LeClair was born on July 5, 1969 in St. Albans, Vermont, a town close to the Canada–US border. He is the son of Robert "Butch" LeClair, a manager of a paint store, and Beverly (Clark), a surgical nurse. LeClair has three older sisters, Mary Kay, Nancy and Susan, and a younger brother, Joseph.
While familiar with the game of hockey, LeClair's father Butch had never actually played the sport himself. Until the 1960s, there was no organized hockey in the Saint Albans area. Despite this, LeClair took notice and asked his father for a pair of hockey skates at the age of six. Butch recalls how the kids in the area first played:
"At first, they played in an old railroad shed. Then they got a bunch of people who signed a note and built Coote Field Arena. It was just a metal shack with a lunch bar and an old tractor to scrape the ice. It was kind of primitive, but it worked very well. It produced some good hockey."
Richard Benoit, the father of John's friend Jeremy, created a homemade rink for the kids in his backyard by flooding his volleyball court. Benoit added boards around the edge and installed lights so they could play at night. There was also shack complete with a heater for the kids to go to warm up if needed.
When LeClair was a freshman at Bellows Free Academy, he didn't make the very competitive high school team. So, he continued to play in community leagues. In his sophomore year, LeClair made the team and earned attention. "We'd be dumping the puck in (during a line change), and there would be John, in the corner on his knees and hands, five against one, somehow getting the puck out of the corner," recalls Luke Cioffi, a teammate and childhood friend of LeClair's.
Soon, the young LeClair was attracting attention. College scouts began to take notice when he participated as a junior in Hockey Night in Boston, a showcase for young talent. LeClair decided pursue to college, and he was accepted at the University of Vermont (UVM). At UVM, LeClair's college career was hampered by injuries. Over the course of his sophomore and junior years, he appeared in only 28 games. After missing the first month of his senior season due to meningitis, he finished the season strong with 25 goals and 20 assists in only 33 games.
LeClair was drafted by the Montreal Canadiens with the 33rd pick in the 1987 NHL Entry Draft after graduating from Bellows Free Academy (B.F.A.) High School in St. Albans, Vermont. One of the most highly recruited hockey players in New England, LeClair put his NHL aspirations on hold to attend the University of Vermont on a full scholarship. His fans didn't have to wait long to see him score in his first collegiate game. After the final game of his senior year he signed with the Canadiens and, less than a week later, played and scored in his first NHL game. As a member of the Canadiens, LeClair was on the Stanley Cup-winning team in 1993, where he scored two overtime game-winning goals during the 1993 Stanley Cup Finals.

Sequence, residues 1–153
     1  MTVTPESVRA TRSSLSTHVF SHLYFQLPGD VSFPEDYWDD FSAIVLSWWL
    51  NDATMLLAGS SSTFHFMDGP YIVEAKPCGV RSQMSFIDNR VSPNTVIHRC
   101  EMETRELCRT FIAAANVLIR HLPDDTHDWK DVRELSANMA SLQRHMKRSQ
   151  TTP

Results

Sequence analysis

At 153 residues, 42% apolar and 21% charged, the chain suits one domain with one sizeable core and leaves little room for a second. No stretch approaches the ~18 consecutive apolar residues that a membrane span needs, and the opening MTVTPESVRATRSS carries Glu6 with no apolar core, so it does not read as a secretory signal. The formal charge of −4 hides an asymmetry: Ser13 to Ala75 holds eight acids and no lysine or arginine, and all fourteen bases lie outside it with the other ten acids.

On February 9, 1995, a Montreal team desperate to salvage a difficult season traded LeClair, along with Éric Desjardins and Gilbert Dionne to the Philadelphia Flyers in exchange for Mark Recchi and Philadelphia's 3rd round choice in the 1995 NHL Entry Draft (Martin Hohenberger). LeClair gelled immediately with new line-mate Eric Lindros and quickly became one of the NHL's most feared goal scorers.
With the Flyers he played left-wing on the famed "Legion of Doom" line, centered by Lindros and Mikael Renberg on right-wing. The trio was not only effective at scoring but they were also a dominant physical presence on the ice. In 1998, LeClair became the first American-born NHL player to record three consecutive 50-goal seasons and the second Flyer to do so, behind Tim Kerr. Following the 1997–98 NHL season, LeClair had two consecutive 40 goal seasons.
LeClair played for the Flyers for 10 seasons and was one of the most productive players in franchise history, scoring 333 goals and an additional 35 in the playoffs, statistics good enough to place him in the top 10 Flyers' career goal scorers.
On July 23, 2005, as a result of a new Collective Bargaining Agreement which finally introduced a salary cap to the NHL, the Flyers were forced to part ways with their longtime alternate captain, and they bought out LeClair's and teammate Tony Amonte's contracts to create cap space. Rumors had LeClair going to the Boston Bruins or perhaps the Toronto Maple Leafs. Instead, LeClair signed a two-year deal with the Pittsburgh Penguins on August 15, 2005. LeClair had a fairly successful season in Pittsburgh during the 2005–06 NHL season, finishing third on the team in scoring as he passed the 400-goal mark and had his ninth 50+ point season. After struggling early in the 2006–07 season, LeClair was released by the Penguins on December 14, 2006.
LeClair is president of the John LeClair Foundation which awards grants to non-profit Vermont organizations that sponsor programs for children. He currently divides his time between Haverford Township, Pennsylvania and his hometown of St. Albans, Vermont. LeClair was inducted into the United States Hockey Hall of Fame in 2009, the Vermont Sports Hall of Fame in 2012, and the Philadelphia Flyers Hall of Fame in 2014.